Cerebrospinal fluid apolipoprotein E is reduced in Alzheimer's disease

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Abstract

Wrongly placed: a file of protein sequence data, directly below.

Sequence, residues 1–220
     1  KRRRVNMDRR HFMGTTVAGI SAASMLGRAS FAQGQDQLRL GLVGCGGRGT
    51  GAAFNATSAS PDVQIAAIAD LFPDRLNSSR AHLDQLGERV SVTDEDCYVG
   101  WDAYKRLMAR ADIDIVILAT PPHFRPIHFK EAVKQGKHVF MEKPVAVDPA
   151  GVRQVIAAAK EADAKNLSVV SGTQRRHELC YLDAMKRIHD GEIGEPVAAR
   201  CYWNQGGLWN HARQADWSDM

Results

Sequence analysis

APOLIPOPROTEIN E (ApoE) has been implicated in the pathogenesis of Alzheimer's disease (AD). ApoE is synthesized within the brain and has been suggested to be involved in the re-utilization of membrane lipids during neuronal repair and remyelination after injury. Spherical ApoE-containing lipoprotein particles are found in the cerebrospinal fluid (CSF). To study further the pathogenetic role of ApoE in degenerative brain disorders, we analysed ApoE in CSF. A significant (p < 0.001) reduction of CSF ApoE (1.5 ± 1.2 ng ml−1) was found in AD compared with controls (5.0 ± 2.7 ng ml−1). A less pronounced reduction was also found in frontal lobe dementia (3.1 ± 1.5 ng ml−1; p < 0.05). These findings support the hypothesis that ApoE is involved in the pathogenesis of degenerative brain disorders such as AD. An increased reutilization of ApoE-lipid complexes in the brain, as part of a generalized repair process, may explain the low CSF ApoE in AD. Alternatively, the reduction of CSF ApoE may be caused by absorption of ApoE to senile plaques and neurofibrillary tangles.

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